Venezeula Not Getting The Votes

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In the fourth round of voting, Guatemala still leads Venezuela 110 to 75 despite the switching of six votes. It seems increasingly likely that a compromise candidate will take the open UNSC seat.

Guatemala, supported by the United States, received 110 votes, down from 116 in the third round, while Venezuela got 75 votes, up from 70 in the third round. Six nations abstained.

But Guatemala did not get the two-thirds majority needed for victory in the 192-nation body.

Further rounds of balloting are necessary during which a new compromise candidate could emerge.

However, Brazil's U.N. ambassador, Ronaldo Sardenberg, said it was still premature to think of a substitute candidate until the trend became clearer.

Venezuela's U.N. ambassador, Francisco Javier Arias Cardenas, said the United States had tried to turn the vote into a contest between his government and Washington, and said votes cast for his government had been "votes of conscience" in favor of the developing world.

"We are not competing with a brother country. We are competing with the biggest power on the planet," he told reporters, adding that Venezuela would not withdraw from the race.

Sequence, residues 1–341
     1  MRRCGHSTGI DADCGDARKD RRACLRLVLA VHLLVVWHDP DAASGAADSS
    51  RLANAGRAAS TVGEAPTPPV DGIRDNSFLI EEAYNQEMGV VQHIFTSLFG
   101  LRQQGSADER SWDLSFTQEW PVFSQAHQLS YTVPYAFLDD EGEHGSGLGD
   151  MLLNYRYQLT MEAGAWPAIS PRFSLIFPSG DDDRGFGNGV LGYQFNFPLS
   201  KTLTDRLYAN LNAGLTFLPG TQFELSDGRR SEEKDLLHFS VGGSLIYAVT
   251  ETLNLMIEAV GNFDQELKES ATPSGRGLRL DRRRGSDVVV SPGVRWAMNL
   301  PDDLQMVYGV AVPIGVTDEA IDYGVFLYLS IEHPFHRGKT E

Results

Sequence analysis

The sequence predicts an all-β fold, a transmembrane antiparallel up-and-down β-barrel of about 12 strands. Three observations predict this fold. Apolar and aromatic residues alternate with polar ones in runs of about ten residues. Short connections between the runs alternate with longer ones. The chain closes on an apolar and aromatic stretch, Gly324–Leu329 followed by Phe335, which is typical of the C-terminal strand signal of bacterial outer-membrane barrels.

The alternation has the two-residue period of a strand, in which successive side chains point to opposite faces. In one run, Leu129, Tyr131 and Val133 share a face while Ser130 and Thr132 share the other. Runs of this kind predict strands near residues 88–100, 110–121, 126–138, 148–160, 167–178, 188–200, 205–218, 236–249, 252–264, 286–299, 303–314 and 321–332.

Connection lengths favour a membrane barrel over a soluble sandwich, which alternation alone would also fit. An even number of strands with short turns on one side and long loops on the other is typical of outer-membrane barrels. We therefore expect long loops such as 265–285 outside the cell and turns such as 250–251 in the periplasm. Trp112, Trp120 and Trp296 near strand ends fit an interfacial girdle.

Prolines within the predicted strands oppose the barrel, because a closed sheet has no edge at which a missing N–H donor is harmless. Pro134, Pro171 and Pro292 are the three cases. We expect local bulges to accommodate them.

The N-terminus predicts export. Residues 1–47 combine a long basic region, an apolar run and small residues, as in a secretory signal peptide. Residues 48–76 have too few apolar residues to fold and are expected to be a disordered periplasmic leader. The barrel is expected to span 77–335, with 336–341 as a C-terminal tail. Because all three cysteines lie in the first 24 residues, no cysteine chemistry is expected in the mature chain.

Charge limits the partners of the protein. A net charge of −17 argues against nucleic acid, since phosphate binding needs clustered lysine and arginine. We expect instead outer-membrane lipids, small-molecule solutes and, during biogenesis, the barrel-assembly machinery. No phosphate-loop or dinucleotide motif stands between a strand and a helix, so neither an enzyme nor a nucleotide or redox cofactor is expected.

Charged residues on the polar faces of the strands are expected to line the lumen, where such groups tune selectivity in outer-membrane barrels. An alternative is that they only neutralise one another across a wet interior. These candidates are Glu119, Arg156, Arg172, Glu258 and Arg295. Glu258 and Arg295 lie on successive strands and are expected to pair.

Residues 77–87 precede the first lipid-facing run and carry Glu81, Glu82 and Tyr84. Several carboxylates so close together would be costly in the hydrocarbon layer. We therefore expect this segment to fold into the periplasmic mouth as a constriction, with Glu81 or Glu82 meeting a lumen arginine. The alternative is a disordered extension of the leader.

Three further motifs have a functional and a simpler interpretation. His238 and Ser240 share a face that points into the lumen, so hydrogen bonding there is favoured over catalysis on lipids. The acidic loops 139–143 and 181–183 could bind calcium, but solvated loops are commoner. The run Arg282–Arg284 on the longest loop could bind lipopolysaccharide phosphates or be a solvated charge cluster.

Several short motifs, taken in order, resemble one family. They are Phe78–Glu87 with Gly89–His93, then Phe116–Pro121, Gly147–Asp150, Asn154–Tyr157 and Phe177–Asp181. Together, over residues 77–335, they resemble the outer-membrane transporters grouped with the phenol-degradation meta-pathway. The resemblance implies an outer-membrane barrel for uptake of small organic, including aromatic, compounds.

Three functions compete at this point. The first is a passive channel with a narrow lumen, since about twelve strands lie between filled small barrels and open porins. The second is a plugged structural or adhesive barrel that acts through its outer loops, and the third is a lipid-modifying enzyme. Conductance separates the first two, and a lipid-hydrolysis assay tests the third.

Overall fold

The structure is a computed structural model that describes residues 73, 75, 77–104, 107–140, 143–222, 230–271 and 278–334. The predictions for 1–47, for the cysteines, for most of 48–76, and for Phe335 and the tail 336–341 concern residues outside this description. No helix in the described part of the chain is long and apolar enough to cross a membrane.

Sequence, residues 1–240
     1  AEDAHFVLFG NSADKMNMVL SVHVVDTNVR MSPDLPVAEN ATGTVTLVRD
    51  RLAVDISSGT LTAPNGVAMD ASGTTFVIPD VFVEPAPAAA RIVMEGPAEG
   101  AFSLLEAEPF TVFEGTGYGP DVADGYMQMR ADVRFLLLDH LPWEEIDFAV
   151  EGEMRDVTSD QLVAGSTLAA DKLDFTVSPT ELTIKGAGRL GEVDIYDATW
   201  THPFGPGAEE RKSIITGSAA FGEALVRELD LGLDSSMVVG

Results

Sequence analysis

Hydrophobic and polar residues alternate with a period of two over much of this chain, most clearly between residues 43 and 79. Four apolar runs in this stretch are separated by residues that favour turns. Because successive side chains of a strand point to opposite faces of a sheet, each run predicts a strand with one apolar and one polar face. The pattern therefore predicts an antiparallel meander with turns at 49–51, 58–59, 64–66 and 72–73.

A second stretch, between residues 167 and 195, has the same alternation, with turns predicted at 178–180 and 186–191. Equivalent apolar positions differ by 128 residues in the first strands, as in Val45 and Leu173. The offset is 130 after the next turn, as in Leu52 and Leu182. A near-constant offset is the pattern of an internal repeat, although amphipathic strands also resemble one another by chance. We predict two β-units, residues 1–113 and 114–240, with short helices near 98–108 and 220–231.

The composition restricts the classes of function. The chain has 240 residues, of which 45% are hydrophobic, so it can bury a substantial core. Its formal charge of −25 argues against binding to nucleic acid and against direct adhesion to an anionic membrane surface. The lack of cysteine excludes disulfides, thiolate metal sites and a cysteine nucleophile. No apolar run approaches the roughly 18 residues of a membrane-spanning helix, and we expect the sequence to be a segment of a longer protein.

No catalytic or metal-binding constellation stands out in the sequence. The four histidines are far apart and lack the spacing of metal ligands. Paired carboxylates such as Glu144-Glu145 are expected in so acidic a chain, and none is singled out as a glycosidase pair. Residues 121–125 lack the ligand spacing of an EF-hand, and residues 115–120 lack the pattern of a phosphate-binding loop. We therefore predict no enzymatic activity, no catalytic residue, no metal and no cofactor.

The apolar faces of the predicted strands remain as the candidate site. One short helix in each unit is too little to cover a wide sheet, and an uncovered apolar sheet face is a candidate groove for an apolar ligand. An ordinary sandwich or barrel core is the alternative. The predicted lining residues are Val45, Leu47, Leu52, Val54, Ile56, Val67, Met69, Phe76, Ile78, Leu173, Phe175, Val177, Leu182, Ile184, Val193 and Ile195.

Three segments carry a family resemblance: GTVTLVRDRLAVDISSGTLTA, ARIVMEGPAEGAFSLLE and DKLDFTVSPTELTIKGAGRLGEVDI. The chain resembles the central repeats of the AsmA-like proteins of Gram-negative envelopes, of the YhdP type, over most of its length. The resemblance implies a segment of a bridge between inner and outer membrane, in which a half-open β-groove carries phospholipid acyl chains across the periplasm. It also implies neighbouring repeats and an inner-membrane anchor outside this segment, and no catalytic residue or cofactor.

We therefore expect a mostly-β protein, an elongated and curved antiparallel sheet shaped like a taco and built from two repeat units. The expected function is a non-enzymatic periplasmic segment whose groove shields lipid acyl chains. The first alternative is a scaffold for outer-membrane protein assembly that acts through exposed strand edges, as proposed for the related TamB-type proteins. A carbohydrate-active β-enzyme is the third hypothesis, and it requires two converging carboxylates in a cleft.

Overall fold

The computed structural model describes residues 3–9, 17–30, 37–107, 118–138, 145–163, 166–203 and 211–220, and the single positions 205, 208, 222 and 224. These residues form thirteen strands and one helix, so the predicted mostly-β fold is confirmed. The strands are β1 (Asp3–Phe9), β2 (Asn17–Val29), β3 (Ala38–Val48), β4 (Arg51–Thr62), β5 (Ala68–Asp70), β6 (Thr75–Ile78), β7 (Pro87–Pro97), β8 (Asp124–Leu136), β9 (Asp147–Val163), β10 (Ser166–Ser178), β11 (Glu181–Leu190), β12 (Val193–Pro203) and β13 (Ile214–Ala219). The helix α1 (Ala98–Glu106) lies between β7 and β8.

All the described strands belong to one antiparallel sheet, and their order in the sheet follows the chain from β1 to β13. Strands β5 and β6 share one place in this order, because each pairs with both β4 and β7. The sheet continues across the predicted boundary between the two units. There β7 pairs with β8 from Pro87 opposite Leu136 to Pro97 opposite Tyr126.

But U.S. Ambassador John Bolton said, "I think it is very clear there's a candidate with a strong predominant vote." However, he expected more rounds. "This has just begun."

Sometimes bribery gets you nowhere. So it would seem with (T)Hugo Chavez. The lopsided vote tally shows that a lot of people he thought he had bribed cheerfully took his money then double crossed him. One very interesting comment from one ambassador:

Lichtenstein's U.N. ambassador, Christian Wenaweser, told reporters, "It's going to be very hard to turn that (vote) around."

He and several other ambassadors said that President Hugo Chavez's September speech to the U.N. General Assembly did not win him friends. Chavez called President George W. Bush a "devil" and said the American leader had left the smell of sulfur hanging in the chamber.

"Many people felt it was bad taste," said Tanzanian Ambassador Augustine Mahiga. But he said Guatemala might have won the seat outright had the United States not lobbied so hard on its behalf.

So the "devil" speech is being seen as a big mistake, but some are also seeing the US lobbying effort as one. Interesting.

UPDATE: After the sixth round, both nations have 93 votes with one vote cast for Mexico.

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